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Learning the Korn Shell

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Input/Output and Command-line Processing
Next: 7.3 Command-line Processing

7.2 String I/O

Now we'll zoom back in to the string I/O level and examine the print and read statements, which give the shell I/O capabilities that are more analogous to those of conventional programming languages.

7.2.1 print

As we've seen countless times in this book, print simply prints its arguments to standard output. You should use it instead of the echo command, whose functionality differs from system to system. [3] Now we'll explore the command in greater detail.

[3] Specifically, there is a difference between System V and BSD versions. The latter accepts options similar to those of print, while the former accepts C language-style escape sequences. print escape sequences

print accepts a number of options, as well as several escape sequences that start with a backslash. [4] These are similar to the escape sequences recognized by echo and the C language; they are listed in Table 7.2.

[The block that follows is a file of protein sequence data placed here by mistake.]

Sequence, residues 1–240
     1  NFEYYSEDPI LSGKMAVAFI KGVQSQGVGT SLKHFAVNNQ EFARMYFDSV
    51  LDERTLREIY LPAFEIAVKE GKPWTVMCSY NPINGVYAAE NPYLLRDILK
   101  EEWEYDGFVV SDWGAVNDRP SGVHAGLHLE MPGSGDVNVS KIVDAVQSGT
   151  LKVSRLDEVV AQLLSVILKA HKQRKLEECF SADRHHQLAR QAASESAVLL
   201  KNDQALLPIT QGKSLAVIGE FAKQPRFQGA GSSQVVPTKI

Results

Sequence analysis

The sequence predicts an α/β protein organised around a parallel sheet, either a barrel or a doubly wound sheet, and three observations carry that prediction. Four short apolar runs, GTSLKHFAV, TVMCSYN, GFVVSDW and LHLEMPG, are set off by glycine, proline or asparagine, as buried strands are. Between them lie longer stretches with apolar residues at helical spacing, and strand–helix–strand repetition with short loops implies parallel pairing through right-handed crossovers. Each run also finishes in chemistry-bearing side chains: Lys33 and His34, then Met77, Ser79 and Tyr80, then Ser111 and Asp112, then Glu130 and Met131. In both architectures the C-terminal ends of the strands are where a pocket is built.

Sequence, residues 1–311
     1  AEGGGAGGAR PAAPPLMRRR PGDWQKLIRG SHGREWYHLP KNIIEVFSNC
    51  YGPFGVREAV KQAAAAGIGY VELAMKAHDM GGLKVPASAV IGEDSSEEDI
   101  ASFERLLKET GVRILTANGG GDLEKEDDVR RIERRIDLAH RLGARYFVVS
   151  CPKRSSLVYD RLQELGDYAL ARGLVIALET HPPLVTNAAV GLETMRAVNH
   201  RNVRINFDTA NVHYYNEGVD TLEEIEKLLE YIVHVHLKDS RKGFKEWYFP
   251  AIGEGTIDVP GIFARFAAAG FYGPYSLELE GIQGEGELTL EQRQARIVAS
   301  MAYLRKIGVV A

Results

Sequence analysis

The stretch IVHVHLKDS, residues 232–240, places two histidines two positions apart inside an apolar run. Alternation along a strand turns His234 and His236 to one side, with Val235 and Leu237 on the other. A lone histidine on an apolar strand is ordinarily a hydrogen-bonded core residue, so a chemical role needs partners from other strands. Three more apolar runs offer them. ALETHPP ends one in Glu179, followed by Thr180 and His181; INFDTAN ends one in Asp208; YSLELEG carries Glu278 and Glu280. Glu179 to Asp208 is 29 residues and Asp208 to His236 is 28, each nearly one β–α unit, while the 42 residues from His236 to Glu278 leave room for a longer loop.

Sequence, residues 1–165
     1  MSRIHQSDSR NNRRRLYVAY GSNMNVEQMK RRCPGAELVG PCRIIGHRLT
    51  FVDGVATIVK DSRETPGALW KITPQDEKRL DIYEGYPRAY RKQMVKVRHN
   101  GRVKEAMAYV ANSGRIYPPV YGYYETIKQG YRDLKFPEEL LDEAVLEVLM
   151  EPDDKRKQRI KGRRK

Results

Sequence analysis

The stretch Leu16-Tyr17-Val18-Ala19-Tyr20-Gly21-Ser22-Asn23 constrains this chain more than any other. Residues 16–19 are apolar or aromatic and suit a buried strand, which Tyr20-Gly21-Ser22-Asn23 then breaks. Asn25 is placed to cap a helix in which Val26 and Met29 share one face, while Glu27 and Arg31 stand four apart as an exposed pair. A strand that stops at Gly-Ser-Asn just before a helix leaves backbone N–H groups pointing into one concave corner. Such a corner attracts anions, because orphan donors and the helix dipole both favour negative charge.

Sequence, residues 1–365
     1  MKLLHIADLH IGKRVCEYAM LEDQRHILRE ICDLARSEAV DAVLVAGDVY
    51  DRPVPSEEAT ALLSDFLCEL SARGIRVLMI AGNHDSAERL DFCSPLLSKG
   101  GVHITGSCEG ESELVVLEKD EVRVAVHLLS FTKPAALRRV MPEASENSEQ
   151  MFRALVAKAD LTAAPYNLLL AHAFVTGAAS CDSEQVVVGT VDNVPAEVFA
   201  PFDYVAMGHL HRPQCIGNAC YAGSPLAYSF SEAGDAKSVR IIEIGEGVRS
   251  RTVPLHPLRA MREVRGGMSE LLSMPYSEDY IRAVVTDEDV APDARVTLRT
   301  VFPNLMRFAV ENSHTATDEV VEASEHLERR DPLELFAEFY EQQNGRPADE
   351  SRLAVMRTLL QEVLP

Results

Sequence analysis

[4] You must use a double backslash if you don't surround the string that contains them with quotes; otherwise, the shell itself "steals" a backslash before passing the arguments to print.

These sequences exhibit fairly predictable behavior, except for \f on some displays, it causes a screen clear, while on others it causes a line feed. It ejects the page on most printers. \v is somewhat obsolete; it usually causes a line feed.

Table 7.2: print Escape Sequences
SequenceCharacter printed
\cOmit final NEWLINE
\nNEWLINE (not at end of command) or [CTRL-J]
\tTAB or [CTRL-I]

ASCII character with octal (base-8) value n, where n is 1 to 3 digits

\\Single backslash

The \0n sequence is even more device-dependent and can be used for complex I/O, such as cursor control and special graphics characters. Options to print

print also accepts a few dash options; we've already seen -n for omitting the final NEWLINE. The options are listed in Table 7.3.